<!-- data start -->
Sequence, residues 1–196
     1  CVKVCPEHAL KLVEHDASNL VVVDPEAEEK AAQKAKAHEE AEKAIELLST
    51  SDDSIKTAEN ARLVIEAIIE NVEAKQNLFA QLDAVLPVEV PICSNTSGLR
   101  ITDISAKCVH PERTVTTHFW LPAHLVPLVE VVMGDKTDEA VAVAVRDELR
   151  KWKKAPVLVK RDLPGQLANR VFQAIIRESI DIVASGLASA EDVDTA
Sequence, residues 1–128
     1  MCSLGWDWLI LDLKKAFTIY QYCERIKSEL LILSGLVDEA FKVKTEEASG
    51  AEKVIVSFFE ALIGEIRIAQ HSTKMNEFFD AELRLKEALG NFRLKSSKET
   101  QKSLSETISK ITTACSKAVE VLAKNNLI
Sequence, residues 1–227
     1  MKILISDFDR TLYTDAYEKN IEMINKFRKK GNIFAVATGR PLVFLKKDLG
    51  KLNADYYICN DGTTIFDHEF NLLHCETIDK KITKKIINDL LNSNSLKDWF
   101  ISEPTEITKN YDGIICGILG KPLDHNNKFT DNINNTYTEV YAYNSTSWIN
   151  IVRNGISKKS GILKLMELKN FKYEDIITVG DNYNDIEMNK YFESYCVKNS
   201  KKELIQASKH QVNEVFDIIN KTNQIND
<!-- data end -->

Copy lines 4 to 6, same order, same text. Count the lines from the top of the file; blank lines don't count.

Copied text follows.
   101  ITDISAKCVH PERTVTTHFW LPAHLVPLVE VVMGDKTDEA VAVAVRDELR
   151  KWKKAPVLVK RDLPGQLANR VFQAIIRESI DIVASGLASA EDVDTA
Sequence, residues 1–128